Monday, August 26, 2019

Redundancy update

It's about 6 weeks since the news that our shop was being closed with jobs going in November, and it seems like time to write about it again. I've been in two minds about posting about this because there's quite a lot of emotion wrapped up in it, but it's also hard to really think about much else at the moment so it's the honest thing to do.

The problem with a relatively long notice period is that after the initial shock has worn off there's quite a long period where it's more or less business as usual. It feels like a particularly unpleasant limbo; however daunting the future looks I want to be getting in with it now. I'm tied into quite a long notice period, there are financial upsides to this, but it also means I'm committed to this job until it's gone.

We have those finish dates, have gone through the group consultation, and are now in individual consultation meetings. We have an estimate of what our redundancy payouts will be, and for those who want to try and stay in the company there are daily updates on available jobs.

At the moment I'm not seeing any opportunities for redeployment for my quite specific role and anything less specialised would mean a pay freeze. There are also less jobs than people. We also know more branches are slated for closure next year, and probably the year after (we had people come to us from branches that closed in June who found out weeks later they were in the same position again). Non of that is making the prospect of trying to stay on very appealing.

The hardest thing to deal with though is the range of emotion from our customers. There was an excellent article in last weeks Sunday Times about the importance of weak social links and how casual acquaintances are important for our health and happiness which has helped make sense of the reactions we've been getting. It doesn't make them any less exhausting to deal with.

It's an excellent illustration of the emotional labour people who work in retail are expected to do (not in the least reflected by wages). There are customers who I've known through 4 jobs and 20 years of selling wine, people I like, and who's conversation I enjoy. There are customers who are not so delightful. We see literally thousands of people come through the doors each week and individually only build links with a fraction of them.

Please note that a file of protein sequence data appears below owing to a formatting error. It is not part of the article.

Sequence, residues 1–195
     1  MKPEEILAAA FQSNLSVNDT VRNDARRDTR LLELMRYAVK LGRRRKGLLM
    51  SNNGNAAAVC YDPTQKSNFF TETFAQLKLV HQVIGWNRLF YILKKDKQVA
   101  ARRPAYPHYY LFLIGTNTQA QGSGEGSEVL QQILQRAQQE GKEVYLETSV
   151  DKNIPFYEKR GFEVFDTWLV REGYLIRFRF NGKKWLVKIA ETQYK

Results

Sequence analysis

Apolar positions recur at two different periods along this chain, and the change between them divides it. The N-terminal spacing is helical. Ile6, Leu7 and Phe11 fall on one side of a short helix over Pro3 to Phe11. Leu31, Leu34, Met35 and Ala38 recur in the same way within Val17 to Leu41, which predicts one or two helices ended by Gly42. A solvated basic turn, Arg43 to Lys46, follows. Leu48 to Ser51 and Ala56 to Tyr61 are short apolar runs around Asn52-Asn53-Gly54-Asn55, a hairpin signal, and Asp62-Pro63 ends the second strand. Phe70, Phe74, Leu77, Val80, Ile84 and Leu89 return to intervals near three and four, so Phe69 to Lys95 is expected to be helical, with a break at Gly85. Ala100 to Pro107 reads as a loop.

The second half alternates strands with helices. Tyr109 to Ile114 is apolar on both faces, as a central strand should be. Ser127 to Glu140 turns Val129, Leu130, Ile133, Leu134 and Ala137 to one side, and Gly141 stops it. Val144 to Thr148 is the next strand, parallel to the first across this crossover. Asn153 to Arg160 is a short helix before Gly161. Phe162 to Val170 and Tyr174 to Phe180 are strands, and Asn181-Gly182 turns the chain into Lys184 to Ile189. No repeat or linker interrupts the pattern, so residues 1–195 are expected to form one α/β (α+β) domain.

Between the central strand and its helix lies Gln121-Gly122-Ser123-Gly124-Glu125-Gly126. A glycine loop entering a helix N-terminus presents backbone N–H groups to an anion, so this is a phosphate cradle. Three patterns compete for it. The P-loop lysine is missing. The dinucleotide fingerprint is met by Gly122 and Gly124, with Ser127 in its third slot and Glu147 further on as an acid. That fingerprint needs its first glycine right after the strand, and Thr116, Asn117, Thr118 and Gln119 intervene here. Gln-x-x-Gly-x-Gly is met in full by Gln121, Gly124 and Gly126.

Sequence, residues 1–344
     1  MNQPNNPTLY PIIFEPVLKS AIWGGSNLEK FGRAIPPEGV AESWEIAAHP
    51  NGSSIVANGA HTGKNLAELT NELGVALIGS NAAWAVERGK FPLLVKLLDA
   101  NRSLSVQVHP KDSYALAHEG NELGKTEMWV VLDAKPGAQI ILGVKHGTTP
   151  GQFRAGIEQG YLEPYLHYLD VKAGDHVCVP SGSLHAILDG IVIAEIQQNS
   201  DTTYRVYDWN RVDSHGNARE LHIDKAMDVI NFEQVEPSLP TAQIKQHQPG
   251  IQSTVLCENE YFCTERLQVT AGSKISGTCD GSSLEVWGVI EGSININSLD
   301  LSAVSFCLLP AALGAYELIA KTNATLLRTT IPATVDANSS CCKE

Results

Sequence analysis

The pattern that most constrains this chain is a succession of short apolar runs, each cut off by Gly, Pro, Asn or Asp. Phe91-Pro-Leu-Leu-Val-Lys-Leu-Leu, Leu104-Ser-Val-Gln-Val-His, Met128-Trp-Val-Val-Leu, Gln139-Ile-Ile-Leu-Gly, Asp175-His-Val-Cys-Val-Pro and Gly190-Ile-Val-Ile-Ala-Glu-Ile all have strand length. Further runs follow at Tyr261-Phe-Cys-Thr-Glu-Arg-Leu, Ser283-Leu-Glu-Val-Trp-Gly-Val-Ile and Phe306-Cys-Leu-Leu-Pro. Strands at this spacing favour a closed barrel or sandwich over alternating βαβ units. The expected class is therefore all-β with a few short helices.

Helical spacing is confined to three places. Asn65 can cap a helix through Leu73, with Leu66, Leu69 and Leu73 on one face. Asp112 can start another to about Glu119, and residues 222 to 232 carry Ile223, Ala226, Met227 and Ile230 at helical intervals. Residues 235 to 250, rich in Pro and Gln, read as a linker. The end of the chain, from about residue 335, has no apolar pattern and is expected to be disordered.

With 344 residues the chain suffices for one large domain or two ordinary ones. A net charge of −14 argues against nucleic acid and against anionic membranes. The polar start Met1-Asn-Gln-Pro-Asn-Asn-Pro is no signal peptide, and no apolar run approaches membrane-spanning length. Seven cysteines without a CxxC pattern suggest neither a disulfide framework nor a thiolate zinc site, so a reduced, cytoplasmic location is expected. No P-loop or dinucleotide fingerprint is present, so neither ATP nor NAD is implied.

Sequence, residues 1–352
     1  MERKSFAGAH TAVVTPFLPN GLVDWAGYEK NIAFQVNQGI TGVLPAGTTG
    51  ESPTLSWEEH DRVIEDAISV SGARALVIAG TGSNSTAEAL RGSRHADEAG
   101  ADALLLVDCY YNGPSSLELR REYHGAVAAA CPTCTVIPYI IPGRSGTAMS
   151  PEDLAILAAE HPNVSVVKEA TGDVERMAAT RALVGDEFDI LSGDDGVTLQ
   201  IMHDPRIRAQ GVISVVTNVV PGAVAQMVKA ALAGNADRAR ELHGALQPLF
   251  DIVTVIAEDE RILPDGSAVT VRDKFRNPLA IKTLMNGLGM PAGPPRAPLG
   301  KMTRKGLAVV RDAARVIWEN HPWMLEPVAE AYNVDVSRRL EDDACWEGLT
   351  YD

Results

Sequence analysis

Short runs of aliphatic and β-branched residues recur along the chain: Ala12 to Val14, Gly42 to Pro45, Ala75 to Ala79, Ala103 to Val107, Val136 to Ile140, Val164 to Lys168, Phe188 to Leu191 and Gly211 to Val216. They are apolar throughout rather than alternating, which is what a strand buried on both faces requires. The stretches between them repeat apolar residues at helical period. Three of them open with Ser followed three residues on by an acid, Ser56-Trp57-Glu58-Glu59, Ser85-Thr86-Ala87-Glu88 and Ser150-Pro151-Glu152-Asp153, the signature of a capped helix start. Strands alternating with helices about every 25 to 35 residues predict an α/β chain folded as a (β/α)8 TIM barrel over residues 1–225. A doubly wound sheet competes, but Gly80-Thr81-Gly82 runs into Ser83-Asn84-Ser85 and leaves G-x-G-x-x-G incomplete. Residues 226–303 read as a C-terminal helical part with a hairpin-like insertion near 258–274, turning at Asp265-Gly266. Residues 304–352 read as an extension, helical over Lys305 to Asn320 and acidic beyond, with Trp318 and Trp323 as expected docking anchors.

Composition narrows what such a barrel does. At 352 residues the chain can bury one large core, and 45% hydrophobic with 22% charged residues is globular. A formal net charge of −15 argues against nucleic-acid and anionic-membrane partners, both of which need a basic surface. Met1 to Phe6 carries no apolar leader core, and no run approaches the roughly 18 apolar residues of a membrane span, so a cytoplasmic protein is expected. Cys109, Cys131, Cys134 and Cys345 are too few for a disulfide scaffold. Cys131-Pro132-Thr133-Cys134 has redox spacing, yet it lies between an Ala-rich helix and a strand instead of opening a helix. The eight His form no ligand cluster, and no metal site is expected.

When it comes down to it we don't really care where the majority of people are going to shop when we've gone, not when we don't know how we're going to pay our bills or how long we might be unemployed for. we really don't care what this might do to local property values, so the man who was angry the community hadn't been consulted - frankly it was. But every time you chose to shop somewhere else you made us less viable - which is fine, it's you're choice, but you can't have it both ways.

The sight we're on has been sold to Lidl, and judging by the number of people who are convinced this is some sort of German revenge for World War Two, or will never shop in a German supermarket because 'they tried to bomb our house' how Brexit is happening is starting to make a lot more sense. I wish I were joking about this, but people around here can clearly hold a grudge for generations because non of them have been over 70. It's irritating.

Worse is the open racism - we're closing because there are to many of Those sort of people who have moved into Our community. This is nonsense on every level. Workmates have been asked where they were born, with customers demanding to speak to someone born in Britain. It is hateful behaviour (the management position on this is one of zero tolerance, they will call the police if they're made aware of it at the time, the police do take it seriously).

As for the rest of it, there are customers, especially elderly ones that we are worried for, we're part of their support network even if only in a small way. There are people who've been really kind, some have made enquiries about jobs on our behalf, sent cards, bought biscuits, and otherwise made us feel genuinely appreciated. Which makes being constantly asked if we have another job to go to easier to cope with when none of us currently do.

So there you go, there's all this and more to deal with in temperatures hot enough to make wine expand out of the bottle (if you shop with me avoid the Gigondas, it's been comprehensively cooked) and I feel somewhat better for having written it down.


  1. I did enjoy your last paragraph! I have had some lettuce and Basil growing on my east windowsill but since this heat started to cook them they have been moved.

    I like to think that any racism on my behalf is positive - in that, I am interested in where my neighbours are from, bearing in mind that I am not English.

    I do hope that you will make something happen for yourself.

  2. Oh Hayley,this sounds so awful, and so difficult to keep up enough motivation to go into work each day. I'm really crossing my fingers for you and hoping that something really good turns up. In the mean time, a pox on unpleasant customers and racists!

  3. Thank you for the update, and I'm so sorry you're going through this. I'm shocked to hear of awful and racist behaviour from your customers, and all the demands on your energy. I'm glad it helped to write it, and sending all good wishes both for the notice period and the future beyond it - may it have good opportunities, lovely drinks and much less stress.